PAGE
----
Now Mathematics in the most general sense is the study of what takes part in non trivial deductive systems.

It's important to realize that the definition given here to "deduction" is not the traditional one, the traditional one is about sentences when the inferential rules are logical. While here this method applies to any exact way of specifying a string of symbols, including individual symbols, terms, diagram sketching, model representations,..any piece of syntax, so an inference rule can be a function on any piece of syntax, not necessarily being functions on "sentences" as it is usually held. Actually we can even have inference rules being non-functions, i.e. having multiple outputs, so they are definable relations on pieces of syntax, whatever those pieces were, but they must be exactly specifiable. It is also important to realize that the sentential inference rules (and therefore sentential deduction) can be extra-logical also, provided that they are exact! I think this would be the widest possible definition of "deduction", that might be even undesirable in some sense.

Also to be understood is that once we've said "study" we mean treatment of all aspects involved in the definition, so the informal reasoning leading to axioms, definitions, inferences, etc.. are all involved in this study of course, as long as the result at the end abide by the definitions given above, as well is the technical manipulations involved with the study of having good terminology, clear processing, etc...

My question here: are there clear counter-examples to this definition?

  • I don't understand why you want your definition to apply to strings rather than sentences, given that sentences can be understood as well formed strings (given some syntactic rules) and that we wouldn't expect mathematics to apply to non-well formed strings. Also it seems to me that you're trying to reinvent the wheel. Why don't you start by reading some philosophy of mathematics? – Quentin Ruyant Feb 7 at 11:58
  • Otherwise I don't see any clear counterexample to your definition (it's just that I see no reason why you don't start from the standard definitions of deductive system) – Quentin Ruyant Feb 7 at 12:02
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    You can describe a diagram using strings of symbols but a diagram is not a string of symbols. For example if you draw a circle and an inscribed triangle, the diagram represents specific relations between the circle and the triangle but the relations are not represented symbolically (there's no symbol in the diagram that directly corresponds to the relation "being inscribed", rather the fact that the points of the triangle lie on the circle is relevant, but this fact is not represented by a symbol). – Quentin Ruyant Feb 7 at 12:41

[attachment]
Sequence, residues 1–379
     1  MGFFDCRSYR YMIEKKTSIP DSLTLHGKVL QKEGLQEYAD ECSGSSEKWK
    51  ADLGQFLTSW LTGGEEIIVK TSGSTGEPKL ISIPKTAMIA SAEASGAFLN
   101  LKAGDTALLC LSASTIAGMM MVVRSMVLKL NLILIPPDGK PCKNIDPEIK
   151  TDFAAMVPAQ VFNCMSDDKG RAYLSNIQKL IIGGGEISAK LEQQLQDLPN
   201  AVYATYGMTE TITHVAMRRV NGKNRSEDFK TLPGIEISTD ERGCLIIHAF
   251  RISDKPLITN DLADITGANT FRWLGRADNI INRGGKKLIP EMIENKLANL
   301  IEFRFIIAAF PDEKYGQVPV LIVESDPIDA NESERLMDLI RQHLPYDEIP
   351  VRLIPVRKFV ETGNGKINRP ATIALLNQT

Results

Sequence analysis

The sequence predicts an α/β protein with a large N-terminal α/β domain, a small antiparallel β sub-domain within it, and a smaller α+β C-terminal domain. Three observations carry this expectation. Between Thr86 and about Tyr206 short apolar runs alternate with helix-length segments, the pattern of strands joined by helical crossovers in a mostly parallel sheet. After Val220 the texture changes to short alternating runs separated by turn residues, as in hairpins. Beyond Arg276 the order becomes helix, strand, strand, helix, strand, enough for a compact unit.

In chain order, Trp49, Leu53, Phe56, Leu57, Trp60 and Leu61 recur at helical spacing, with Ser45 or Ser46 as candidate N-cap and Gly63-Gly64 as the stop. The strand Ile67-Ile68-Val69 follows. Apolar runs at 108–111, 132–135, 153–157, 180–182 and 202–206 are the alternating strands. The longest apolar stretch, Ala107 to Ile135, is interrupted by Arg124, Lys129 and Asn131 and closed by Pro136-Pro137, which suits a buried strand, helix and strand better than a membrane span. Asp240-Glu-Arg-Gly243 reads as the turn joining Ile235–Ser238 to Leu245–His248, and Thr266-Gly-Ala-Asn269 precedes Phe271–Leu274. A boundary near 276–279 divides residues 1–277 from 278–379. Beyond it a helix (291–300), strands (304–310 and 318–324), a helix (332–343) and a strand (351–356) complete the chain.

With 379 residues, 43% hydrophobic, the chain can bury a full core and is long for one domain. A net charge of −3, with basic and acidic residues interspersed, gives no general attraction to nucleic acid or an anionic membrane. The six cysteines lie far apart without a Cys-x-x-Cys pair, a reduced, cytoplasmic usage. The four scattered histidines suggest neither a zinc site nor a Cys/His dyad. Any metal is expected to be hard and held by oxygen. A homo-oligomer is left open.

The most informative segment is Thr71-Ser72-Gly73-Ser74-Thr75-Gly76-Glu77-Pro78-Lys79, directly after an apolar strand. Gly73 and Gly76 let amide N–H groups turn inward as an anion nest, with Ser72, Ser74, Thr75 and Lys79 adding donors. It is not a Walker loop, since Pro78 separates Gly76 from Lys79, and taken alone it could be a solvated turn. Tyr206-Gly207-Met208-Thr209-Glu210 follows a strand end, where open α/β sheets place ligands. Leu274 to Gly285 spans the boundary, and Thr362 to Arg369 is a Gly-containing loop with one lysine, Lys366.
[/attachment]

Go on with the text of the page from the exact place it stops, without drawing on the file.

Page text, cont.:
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    I don't understand, sorry. My point is that in a diagram some relations/information are encoded graphically (not symbolically) and I'm not talking about a mathematical inference here, but about what could be the premise of an argument (the equivalent of the sentence "let ABC be a triangle inscribed in a circle C"), so I don't understand why you mention inferences. Inferences come after, once the diagram is given. One option is to say: the diagram is merely a psychological support, but math is really about sentences. I would agree with this solution. But apparently it's not what you say. – Quentin Ruyant Feb 7 at 14:32
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    @QuentinRuyant, thanks for the remark, I understand it now, I meant that we can use some kinds of diagrams and not reasoning about all kinds of diagrams, some diagrams can be represented in a sequential manner in a way as to permit us using them as an inferential tool. Actually I agree with your remarks in general, even I agree that I can restrict this definition to just the sentential inferential rule, i.e. the ordinary deductive systems in Hilbert's style, but I just wanted the definition to be more generous, but I agree it is in some sense redundant. Thanks a lot! – Zuhair Feb 8 at 8:15

Pure Mathematics is about what can be proved deductively in a non trivial manner in deductive systems whose axioms, inference rules and definitions are all not the results of provability by non-trivial extra-analytic methods.

I don't mind that your definition falls prey to objections as "what is non-trivial?", "your definition of deductive is too broad" which of course it does.

Here are some other, in my opinion far more serious objections:

  • You are assuming that mathematics is definable, and even worse, that it needs a definition

This is an implicit assumption which I have serious trouble finding arguments for. By the way, while it is easy to agree that botanists study plants, it is not so clear whether mathematicians study mathematics or whether whatever mathematicians study is mathematics.